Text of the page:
Modern feminists place opposition between education, work, and family for women. If you’re a young college student who thinks she is pregnant, modern feminists say abortion is the safest route to ensure you will not be uneducated and poor (as if this is the worst thing that can happen to you… the slight elitism should not go unnoticed). Feminists proudly tout they are pro-choice, but the only choice they are in favor of is telling you to abort your child.

There are serious concerns that are not addressed in SB 320 that make the bill look rushed and politicized. SB 320 disregards the risks to women’s health, the potential liability to schools, and unclear fungibility of taxpayer funds. The bill’s funding mechanism is purposefully vague. Private funding until 2021 ignores the fact that a school clinic’s overhead is paid by taxpayers, and the language of the bill leaves open taxpayer-funded abortion after that.

SB 320 leaves more questions than answers in giving women unsupervised access to abortion.

As the abortion industry creates victims, the pro-life movement creates victors.

For instance, 24-year-old single mom Briana Williams graduated from Harvard Law School with her one-year-old daughter, and many other students have shared their stories.

SB 320 is not empowering or safe for women. Better options are prevailing, and those efforts should be supported and funded. Tell Governor Brown how this bill will harm young women and place public universities at risk.

Resources for Women with Unplanned Pregnancies

Pregnantoncampus.com

Pregnant on Campus is an initiative started by Students for Life of America to empower women to choose life by providing resources and support for pregnant and parenting students on campus.

AbortionPillReversal.com

If a woman takes the first pill of the abortion pill regime and then has second thoughts, there is still a way to stop the process. For more information, visit AbortionPillReversal.com. For emergencies, there is a hotline at 877-558-0333.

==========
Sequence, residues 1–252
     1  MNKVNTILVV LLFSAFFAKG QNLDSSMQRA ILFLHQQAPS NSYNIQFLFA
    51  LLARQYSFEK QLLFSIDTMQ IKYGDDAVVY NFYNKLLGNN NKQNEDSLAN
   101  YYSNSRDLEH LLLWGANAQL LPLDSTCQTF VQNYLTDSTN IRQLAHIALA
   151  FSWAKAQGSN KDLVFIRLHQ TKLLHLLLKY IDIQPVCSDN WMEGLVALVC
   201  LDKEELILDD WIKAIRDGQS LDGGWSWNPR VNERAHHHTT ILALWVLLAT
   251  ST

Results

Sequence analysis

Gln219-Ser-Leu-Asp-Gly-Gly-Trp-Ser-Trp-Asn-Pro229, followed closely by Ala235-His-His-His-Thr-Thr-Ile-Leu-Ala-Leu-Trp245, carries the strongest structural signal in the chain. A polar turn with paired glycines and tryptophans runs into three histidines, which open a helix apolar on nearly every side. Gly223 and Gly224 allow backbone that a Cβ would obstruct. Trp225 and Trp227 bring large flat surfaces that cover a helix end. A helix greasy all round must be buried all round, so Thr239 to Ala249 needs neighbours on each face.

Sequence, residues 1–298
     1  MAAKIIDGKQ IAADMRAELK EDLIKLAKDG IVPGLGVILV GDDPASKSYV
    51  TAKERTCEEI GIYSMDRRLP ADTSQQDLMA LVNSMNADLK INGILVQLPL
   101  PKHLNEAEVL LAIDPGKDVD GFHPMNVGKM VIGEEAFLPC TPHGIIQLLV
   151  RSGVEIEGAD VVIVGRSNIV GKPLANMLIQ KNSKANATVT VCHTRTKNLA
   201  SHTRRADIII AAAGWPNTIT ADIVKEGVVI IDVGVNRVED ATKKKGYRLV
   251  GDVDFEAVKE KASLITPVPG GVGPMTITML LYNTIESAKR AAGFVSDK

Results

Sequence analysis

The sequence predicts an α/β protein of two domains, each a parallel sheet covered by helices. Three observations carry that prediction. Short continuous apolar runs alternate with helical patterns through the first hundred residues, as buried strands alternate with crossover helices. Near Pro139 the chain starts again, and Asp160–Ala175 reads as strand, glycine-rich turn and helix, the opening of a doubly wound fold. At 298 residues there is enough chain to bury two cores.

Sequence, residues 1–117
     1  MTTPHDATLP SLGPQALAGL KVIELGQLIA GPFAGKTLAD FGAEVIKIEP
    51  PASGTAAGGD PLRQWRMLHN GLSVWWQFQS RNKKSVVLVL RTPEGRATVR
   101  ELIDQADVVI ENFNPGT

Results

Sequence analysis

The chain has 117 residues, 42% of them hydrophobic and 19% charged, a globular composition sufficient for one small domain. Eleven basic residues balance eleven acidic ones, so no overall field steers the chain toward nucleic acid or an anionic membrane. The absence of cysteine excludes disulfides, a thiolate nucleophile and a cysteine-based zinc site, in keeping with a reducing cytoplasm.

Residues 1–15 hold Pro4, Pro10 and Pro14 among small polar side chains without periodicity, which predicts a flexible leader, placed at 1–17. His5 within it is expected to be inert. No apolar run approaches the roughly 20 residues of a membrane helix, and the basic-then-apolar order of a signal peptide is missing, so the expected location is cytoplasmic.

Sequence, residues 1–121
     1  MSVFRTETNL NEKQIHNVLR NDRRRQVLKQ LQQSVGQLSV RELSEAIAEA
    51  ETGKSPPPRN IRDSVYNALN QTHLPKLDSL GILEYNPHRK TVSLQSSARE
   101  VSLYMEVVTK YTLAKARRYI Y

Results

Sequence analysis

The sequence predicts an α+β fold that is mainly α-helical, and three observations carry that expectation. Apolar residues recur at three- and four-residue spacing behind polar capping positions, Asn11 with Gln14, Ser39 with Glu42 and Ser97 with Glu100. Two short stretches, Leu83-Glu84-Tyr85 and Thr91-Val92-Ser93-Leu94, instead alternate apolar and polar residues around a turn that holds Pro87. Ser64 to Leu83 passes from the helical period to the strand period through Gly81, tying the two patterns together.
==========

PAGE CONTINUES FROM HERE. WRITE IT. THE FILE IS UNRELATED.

Find a Pregnancy Center Near You

Care Net pregnancy centers offer accurate and helpful information in a compassionate environment. If you think you may be pregnant and are in search of information about pregnancy options, a free pregnancy test, or post-decision support, the experts at your local Care Net pregnancy center can help. Search here to find one near you.

Planned Parenthood’s New President Can’t Erase Its Atrocities

by Patrina Mosley

September 14, 2018

The new Planned Parenthood president, Leana Wen, has been announced and it is clear from her background that she carries all the Left’s qualifiers for being anti-Trump, which will only matter for so long. Planned Parenthood’s attempts to be relevant do not make Wen a shield for the atrocities Planned Parenthood clinics are committing and profiting from every day.

The fact that Planned Parenthood has placed its scandal-ridden organization into the hands of a physician does nothing to dignify abortion as a form of healthcare. It only makes taking the Hippocratic oath to “do no harm” hypocritical. The organization’s introductory video asserts that “having a physician as the head of Planned Parenthood is a sign that what we are doing is mainstream medical care.” Why is it not? Because, Cree Erwin-Sheppard is dead, Jamie Lee Morales is dead, and a 20-year old woman at an unlicensed Planned Parenthood abortion clinic is dead, all due to botched abortions. These are just a few recent examples.

Abortion is the number one killer of African-Americans. Leana Wen, the former Health Commissioner of the predominately African-American community of Baltimore City, should know this. Nearly 80 percent of Planned Parenthood’s centers are located within walking distance of mainly African-American and Hispanic communities.

Planned Parenthood has aborted over 321,000 babies just in the last year—and yet according to the organization, this is to be “understood as a fundamental human right.” The fact that over 60 million lives have been extinguished in the U.S. alone from abortions is the single greatest human rights violation we are facing. Planned Parenthood should be defunded, and the DOJ should follow through with their investigation into Planned Parenthood’s scandalous activities based off congressional referrals.